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Here’s an account of the closing day of work in Brussels by CUPE senior officer Carol Ferguson and CUPE trade policy expert Blair Redlin.

CUPE’s CETA journal Day 4

The Trade Justice/RQIC delegation to the CETA talks wound up its work in Brussels on Thursday with a series of meetings related to particular aspects of the proposed deal.

Carol Ferguson and Blair Redlin of CUPE joined Teresa Healy as observers at a meeting on public purchasing hosted by Penny Clarke, EU Policy Director for the European Federation of Public Service Unions (EPSU). The Network for Sustainable Development in Public Procurement is a network of more than 20 unions, fair trade organizations and community groups advocating for the creation of good quality employment, quality services and environmental sustainability through public purchasing in Europe.

The European Union is reviewing its public procurement policies, so the network is organizing to drive standards and quality upwards and to include sustainability within public tenders. They want to get the most out of public purchasing and procurement. The work of the network is pertinent to the Canada-EU trade talks because Canada and the European Commission are proposing to strictly limit the ability for local governments, provinces and member states to use procurement for social and economic policy goals of government. The groups we met with are lobbying and organizing to take EU procurement policy in a much more active direction.

Meanwhile, Scott Sinclair of the CCPA and Gary Neal of the Council of Canadians met with the Director General of Trade at the European Commission to discuss cultural aspects of the CETA. It was clear that the negotiators at the Commission have bought into the idea of including “investor-state” dispute settlement within the deal, even though this NAFTA style of “corporate rights” protection has never before been part of a European-wide trade agreement.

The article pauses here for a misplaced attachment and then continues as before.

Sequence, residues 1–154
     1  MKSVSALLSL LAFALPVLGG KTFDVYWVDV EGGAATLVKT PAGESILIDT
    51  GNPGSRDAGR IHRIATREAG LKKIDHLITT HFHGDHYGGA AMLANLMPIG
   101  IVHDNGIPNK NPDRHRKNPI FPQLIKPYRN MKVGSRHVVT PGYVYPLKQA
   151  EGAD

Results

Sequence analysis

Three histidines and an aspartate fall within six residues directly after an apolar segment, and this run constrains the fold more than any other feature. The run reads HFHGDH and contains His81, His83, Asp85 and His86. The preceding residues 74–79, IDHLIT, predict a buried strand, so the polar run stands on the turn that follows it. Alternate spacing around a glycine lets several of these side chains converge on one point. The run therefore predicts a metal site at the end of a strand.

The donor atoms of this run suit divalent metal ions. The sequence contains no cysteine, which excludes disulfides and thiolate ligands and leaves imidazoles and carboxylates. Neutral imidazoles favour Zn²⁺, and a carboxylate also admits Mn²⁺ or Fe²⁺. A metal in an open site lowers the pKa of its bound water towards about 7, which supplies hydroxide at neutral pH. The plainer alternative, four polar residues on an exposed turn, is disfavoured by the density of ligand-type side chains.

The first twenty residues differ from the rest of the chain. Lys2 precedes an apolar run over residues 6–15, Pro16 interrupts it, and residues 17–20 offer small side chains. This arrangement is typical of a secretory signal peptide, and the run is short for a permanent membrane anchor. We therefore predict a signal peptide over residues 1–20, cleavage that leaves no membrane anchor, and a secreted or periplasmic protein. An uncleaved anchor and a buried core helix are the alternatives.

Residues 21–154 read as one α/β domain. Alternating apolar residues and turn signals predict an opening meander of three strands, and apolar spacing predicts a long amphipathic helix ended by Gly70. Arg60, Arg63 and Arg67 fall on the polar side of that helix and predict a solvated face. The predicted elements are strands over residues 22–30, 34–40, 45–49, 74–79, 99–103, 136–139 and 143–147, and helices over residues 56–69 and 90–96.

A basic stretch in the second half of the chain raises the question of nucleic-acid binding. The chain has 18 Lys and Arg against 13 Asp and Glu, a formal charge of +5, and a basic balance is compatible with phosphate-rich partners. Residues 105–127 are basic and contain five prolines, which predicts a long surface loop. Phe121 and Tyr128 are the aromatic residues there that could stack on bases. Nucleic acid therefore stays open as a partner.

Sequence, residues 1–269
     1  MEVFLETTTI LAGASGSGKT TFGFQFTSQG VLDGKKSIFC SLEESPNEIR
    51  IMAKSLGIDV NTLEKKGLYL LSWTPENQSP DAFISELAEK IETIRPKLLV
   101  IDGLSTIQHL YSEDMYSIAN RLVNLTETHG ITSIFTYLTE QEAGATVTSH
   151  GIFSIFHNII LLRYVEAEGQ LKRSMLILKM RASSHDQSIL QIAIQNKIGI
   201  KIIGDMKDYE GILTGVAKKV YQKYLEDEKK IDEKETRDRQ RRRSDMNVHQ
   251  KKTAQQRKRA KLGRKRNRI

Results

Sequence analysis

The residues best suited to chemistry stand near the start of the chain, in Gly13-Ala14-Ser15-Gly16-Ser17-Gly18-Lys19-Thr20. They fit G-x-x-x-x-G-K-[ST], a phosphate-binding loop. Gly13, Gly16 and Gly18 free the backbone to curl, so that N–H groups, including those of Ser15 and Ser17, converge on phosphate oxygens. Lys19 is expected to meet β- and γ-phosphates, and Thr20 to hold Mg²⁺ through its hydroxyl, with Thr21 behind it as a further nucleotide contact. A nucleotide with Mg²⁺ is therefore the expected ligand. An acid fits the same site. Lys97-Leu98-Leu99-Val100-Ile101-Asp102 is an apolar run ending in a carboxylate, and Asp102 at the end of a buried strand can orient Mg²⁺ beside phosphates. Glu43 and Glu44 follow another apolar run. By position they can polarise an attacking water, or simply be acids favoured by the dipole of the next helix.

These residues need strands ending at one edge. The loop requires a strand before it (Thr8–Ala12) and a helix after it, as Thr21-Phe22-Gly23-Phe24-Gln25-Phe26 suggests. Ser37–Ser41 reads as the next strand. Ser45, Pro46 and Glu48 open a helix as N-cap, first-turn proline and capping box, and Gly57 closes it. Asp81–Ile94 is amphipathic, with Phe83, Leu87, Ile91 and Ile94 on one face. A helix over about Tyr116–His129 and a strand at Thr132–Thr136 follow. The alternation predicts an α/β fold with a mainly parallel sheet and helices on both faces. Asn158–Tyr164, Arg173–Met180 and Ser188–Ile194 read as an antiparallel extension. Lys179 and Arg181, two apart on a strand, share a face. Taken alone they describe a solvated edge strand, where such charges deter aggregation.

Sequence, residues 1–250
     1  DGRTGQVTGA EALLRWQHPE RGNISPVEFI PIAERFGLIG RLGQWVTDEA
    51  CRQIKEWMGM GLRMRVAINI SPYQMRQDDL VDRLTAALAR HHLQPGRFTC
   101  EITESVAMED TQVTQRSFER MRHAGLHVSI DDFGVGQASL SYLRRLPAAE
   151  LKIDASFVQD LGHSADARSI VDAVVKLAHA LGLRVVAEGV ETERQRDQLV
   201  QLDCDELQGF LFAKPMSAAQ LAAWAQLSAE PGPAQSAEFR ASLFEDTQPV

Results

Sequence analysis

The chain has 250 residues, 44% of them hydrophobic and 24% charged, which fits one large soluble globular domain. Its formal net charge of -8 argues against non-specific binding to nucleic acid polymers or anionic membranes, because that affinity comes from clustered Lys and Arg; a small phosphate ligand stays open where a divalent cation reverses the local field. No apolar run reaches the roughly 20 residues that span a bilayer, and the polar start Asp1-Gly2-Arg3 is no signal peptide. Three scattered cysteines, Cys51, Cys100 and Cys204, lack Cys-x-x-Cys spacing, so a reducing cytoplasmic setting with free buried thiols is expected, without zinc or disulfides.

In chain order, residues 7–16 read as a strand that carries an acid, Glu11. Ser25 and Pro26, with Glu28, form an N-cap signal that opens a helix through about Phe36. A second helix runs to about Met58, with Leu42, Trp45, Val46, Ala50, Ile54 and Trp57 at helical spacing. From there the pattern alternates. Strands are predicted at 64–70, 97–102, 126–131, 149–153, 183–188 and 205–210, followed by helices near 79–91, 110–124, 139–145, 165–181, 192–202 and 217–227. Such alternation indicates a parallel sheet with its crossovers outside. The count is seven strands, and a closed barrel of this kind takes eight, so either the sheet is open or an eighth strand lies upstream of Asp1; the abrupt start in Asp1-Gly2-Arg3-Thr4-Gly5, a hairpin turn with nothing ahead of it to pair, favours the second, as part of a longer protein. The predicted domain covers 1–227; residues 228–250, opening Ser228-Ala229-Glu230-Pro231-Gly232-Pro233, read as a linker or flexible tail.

Amélie Nguyen of RQIC and Stuart Trew of the Council of Canadians had a meeting with Pierre-Marc Johnson, chief negotiator for Quebec. It was useful to gain the Quebec government perspective on the deal as Quebec has been one of the chief advocates for CETA.

What we accomplished in Brussels

Everyone involved from the Trade Justice/RQIC group felt that it was an extremely useful week. Particularly important were our lobby meetings with Members of the European Parliament, both individually and in committee.

We built stronger solidarity links with trade unions in Europe that will strengthen worker-to-worker ties across the Atlantic. We worked with European civil society groups on a wide range of CETA related issues such as the EU Fuel Quality Directive, asbestos, cultural policy, procurement, water, public services, investor rights, the “negative list” approach and more. We helped Europeans to better understand the potential implications of the deal for European democracy, public services and the environment.

It was clear from our meetings with negotiators for Canada and the provinces that CETA talks are going more slowly than had been planned, in part because of an increasing level of questioning by European parliamentarians, unions and civil society groups. It’s crucial that CUPE and others concerned about CETA continue to work with Europeans to shed light on this potentially very dangerous trade deal.


CUPE is part of a delegation in Europe this week to oppose the Canada-European Union trade deal called CETA (Comprehensive Economic and Trade Agreement). Negotiators for Canada and the European Union are holding a critical eighth round of negotiations for a sweeping new trade deal that increases health care costs for Canadians, threatens Canada’s public water, gives extensive powers to corporations, and limits local democratic control for municipal governments. CUPE staffers Blair Redlin and Carol Ferguson are in Brussels to lobby Members of the European Parliament (MEPs); meet with unions and civil society groups; and monitor the negotiations.

Learn more about the dangers of CETA: